American Presidents and Education

American Presidents and Education

American Presidents and Education

American Presidents and Education

Synopsis

This work represents the first comprehensive study of the involvement of American presidents in educational policy making. Tracing the efforts of administrations from Washington to Bush, Berube analyzes presidential programs in education, the reasons for their implementation, and their correlation to national educational outcomes. He examines both successful and less successful endeavors, the constitutional constraints of the president's role in education, and the increasing national and international pressures to shape educational policies that have characterized the post-World War II era.

Excerpt

The role of the president of the United States in education is changing. As the American economy became sophisticated, the demand for an educated work force increased. This transformation was most dramatic after World War II as America emerged as a dominant technological economic and world power.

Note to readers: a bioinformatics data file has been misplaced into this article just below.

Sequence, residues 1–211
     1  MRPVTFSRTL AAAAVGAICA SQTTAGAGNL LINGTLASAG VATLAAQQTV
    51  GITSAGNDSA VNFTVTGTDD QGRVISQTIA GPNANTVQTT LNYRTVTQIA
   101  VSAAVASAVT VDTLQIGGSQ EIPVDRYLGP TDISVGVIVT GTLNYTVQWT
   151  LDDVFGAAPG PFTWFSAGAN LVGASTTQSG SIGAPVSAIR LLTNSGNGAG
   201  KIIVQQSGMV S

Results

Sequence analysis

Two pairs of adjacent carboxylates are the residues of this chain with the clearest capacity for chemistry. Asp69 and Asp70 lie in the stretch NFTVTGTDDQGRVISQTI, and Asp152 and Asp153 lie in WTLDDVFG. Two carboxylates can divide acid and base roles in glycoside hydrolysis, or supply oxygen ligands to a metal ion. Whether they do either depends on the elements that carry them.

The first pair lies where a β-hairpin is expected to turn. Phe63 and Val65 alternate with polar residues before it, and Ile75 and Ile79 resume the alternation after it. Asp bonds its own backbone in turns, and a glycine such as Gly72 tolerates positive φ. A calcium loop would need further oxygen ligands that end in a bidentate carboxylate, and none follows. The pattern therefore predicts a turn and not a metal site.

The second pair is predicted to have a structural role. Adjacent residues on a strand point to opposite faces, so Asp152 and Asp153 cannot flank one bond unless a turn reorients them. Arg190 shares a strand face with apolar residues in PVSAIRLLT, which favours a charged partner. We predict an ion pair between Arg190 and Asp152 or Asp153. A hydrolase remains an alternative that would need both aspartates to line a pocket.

Consequently, American presidents have become aware gradually of national and international pressures to shape educational policies for America. They have responded in varying fashion, some more education-minded than others. However, national concern with education has increasingly developed within presidential councils. Some presidents, such as Lyndon Johnson and Ronald Reagan, were at the center of large-scale educational reform. Others, such as Richard Nixon and George Bush, have mainly continued past policies. In general, there has been an unbroken chain of presidential interest growing in intensity since Franklin Delano Roosevelt.

In the early republic, the founding fathers stressed education mainly as a tool for citizenship. Having successfully gained independence through a revolution, they were especially concerned that democracy be preserved, and they perceived education as the best means to insure that democracy would prevail at home. In the nineteenth century, only during the Civil War was there a presidential recognition that education could be advanced for economic reasons. Presidential interest in education was periodic until World War II. With the rise of an economy increasingly dependent on new technology, American presidents were confronted with the need to develop a more educated work force.

This is a policy study. My aim is to analyze presidential involvement in education and the reasons for it and correlate it with an assessment of . . .

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